by Samuel S. Epstein, MD, professor of Environmental Medicine, University of Illinois School of Public Health, Chicago Illinois; chairman of the Cancer Prevention Coalition, and member of NOHA’s Professional Advisory Board

The World Trade Organization (WTO) ruled in favor of the 1989 European ban on the use of sex hormones for growth promotion of cattle in feedlots prior to slaughter. While subject to further assessment before it can be made permanent, this ruling is a major victory for European consumers. It is also a major defeat for the United States and Canada, which challenged the European ban claiming that it was "protectionist," costing over $100 million a year in lost exports, and that it reflected "consumerism versus science." The WTO ruling also raises serious concerns on the safety of U. S. meat, recently questioned on different grounds by Oprah Winfrey, based on the following considerations:

  • Confidential industry reports to the U. S. Food and Drug Administration (FDA), obtained under the Freedom of Information Act, reveal high residues of natural and synthetic sex hormones in meat products even under ideal test conditions. This is contrary to repeated and explicit assurances by the FDA and the U. S. Department of Agriculture (USDA).
  • Following legal implantation in the ear of steers of Synovex-5, a combination of estradiol and progesterone, estradiol levels in meat products ranged up to 20-fold in excess of the normal. . Based on conservative estimates, the amount of estradiol in two hamburgers eaten by an 8-year-old boy could increase his hormone levels by 10%.
  • Much higher hormone residues are found in meat products following illegal implantation in cattle muscle, which is commonplace in U. S. feedlots. The WTO ruled that such abuse alone would justify the European ban.
  • Contrary to repeated and explicit assurances by the FDA and USDA, none of the approximately 130 million U. S. livestock slaughtered annually are tested for residues of cancer-causing and gene-damaging estradiol or any related sex hormones. This misrepresentation has been confirmed by European Commission inspectors, in the November 1997 survey of U. S. control programs, who reported that there was no monitoring for residues of sex hormones nor for illegal animal drugs, including antibiotics, and that U. S. residue monitoring was totally inadequate to meet European standards.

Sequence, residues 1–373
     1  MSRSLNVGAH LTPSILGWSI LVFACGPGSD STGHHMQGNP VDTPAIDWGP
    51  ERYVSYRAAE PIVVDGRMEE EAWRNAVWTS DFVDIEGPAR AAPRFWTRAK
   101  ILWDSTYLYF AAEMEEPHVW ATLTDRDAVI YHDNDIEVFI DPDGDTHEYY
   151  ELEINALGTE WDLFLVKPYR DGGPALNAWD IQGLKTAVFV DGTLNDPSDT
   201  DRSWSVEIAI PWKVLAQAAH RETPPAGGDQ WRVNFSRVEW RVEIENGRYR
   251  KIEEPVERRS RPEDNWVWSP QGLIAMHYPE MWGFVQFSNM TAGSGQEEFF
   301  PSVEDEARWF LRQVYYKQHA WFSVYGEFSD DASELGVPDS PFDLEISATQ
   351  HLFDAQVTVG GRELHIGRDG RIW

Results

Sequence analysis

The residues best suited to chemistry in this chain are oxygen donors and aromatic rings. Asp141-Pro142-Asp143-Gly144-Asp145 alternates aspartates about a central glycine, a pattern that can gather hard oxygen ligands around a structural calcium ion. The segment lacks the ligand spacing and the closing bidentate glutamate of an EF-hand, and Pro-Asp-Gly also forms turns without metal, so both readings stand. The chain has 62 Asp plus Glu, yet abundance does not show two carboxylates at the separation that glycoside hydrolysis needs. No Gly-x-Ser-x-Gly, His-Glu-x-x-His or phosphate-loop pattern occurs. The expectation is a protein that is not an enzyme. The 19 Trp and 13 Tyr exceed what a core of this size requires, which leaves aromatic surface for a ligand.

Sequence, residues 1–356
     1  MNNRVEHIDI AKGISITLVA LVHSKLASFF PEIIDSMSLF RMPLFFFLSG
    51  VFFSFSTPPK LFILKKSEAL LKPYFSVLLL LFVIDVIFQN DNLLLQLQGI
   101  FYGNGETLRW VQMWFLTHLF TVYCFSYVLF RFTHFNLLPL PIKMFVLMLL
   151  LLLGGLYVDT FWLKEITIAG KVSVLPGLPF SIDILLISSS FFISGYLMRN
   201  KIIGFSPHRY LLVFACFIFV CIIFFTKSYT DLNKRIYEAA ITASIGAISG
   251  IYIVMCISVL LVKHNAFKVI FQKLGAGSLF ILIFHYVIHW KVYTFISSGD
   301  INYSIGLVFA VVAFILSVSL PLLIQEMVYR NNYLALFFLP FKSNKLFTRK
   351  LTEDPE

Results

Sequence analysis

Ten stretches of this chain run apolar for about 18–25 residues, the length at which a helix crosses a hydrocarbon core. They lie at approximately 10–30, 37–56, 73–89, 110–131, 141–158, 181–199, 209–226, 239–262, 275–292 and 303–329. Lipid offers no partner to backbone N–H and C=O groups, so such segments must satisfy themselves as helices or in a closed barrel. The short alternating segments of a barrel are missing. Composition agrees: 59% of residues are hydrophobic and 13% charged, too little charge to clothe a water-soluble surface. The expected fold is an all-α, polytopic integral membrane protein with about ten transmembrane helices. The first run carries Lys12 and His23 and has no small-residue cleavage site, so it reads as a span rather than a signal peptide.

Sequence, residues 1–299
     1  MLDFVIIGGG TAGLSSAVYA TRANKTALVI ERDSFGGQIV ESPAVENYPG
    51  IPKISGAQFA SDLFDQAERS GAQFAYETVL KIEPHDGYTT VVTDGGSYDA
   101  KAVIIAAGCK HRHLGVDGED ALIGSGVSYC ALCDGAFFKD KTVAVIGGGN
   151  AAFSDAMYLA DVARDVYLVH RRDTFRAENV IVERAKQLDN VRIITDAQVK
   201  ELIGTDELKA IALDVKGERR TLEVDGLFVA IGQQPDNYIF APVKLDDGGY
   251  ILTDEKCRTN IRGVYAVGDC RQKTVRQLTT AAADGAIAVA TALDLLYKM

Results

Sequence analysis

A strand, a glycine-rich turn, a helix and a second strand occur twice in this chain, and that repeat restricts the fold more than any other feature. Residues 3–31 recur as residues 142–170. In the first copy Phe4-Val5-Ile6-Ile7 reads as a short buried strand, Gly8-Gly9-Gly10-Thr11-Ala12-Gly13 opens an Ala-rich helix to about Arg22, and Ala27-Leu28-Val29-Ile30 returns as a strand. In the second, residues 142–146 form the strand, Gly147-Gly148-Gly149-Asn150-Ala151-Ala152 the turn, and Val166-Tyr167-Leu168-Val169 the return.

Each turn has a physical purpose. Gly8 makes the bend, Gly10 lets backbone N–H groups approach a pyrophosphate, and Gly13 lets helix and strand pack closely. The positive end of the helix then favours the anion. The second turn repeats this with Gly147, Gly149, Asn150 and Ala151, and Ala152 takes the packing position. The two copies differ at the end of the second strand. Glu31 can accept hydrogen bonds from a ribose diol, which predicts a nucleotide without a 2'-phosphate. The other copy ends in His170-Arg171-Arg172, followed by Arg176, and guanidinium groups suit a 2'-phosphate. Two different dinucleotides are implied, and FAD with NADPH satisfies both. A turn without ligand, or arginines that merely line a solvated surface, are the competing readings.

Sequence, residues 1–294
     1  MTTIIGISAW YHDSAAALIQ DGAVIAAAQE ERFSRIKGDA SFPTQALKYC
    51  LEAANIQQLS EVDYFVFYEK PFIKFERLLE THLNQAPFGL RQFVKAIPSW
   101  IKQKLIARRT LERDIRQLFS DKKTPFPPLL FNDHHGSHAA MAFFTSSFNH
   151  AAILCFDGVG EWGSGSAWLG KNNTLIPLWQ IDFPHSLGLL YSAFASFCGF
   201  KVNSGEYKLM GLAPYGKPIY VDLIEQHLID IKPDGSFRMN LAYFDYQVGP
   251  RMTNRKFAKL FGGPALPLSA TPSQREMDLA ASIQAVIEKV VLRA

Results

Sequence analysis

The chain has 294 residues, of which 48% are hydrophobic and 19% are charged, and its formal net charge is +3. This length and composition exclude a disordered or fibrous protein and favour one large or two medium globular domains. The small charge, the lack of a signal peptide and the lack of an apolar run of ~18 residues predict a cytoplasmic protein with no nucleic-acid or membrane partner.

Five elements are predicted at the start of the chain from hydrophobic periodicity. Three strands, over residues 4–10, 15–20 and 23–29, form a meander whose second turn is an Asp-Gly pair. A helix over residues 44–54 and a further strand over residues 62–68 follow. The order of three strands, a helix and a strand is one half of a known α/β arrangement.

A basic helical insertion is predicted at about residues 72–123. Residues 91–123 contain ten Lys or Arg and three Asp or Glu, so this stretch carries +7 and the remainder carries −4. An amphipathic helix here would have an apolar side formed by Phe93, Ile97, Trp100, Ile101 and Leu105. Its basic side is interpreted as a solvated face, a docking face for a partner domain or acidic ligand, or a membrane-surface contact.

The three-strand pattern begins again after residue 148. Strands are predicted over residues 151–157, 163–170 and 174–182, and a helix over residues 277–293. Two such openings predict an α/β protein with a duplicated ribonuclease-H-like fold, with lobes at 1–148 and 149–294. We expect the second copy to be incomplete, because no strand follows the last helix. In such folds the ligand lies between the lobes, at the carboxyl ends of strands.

• Repeated assurances on the safety of hormonal meat by the World Health Organization bodies, the Food and Agriculture Organization and the Codex Alimentarium Commission (FAO/CODEX), reflect minimal expertise in public health, high representation of senior FDA and USDA officials and industry consultants, reliance on unpublished industry and outdated scientific information, and conflicts of interest. Paradoxically, the same Codex Commission, which approved hormonal meat, explicitly warned over a decade ago that baby meat foods "shall be free from residues of hormones."
  • Lifelong exposure to high residues of natural and synthetic sex hormones in meat products poses serious risks of breast and other reproductive cancers, whose incidence in the U. S. has sharply escalated since 1950, namely, 55% for breast cancer, 120% for testicular cancer, and 230% for prostate cancer. Those hormone residues have also been incriminated in increasing trends of precocious sexual development.


The European ban on hormonal meat should serve as a long-overdue wake-up call for U. S. consumers to demand an immediate ban on hormone use, or, minimally, the explicit labeling of hormonal meat products. It should also lead to a congressional investigation of the FDA and USDA for gross regulatory abdication besides suppression of information vital to consumer health. The dangers of U. S. hormonal meat can no longer be ignored.

Article from NOHA NEWS, Vol. XXIII, No. 3, Summer 1998, pages 3-4.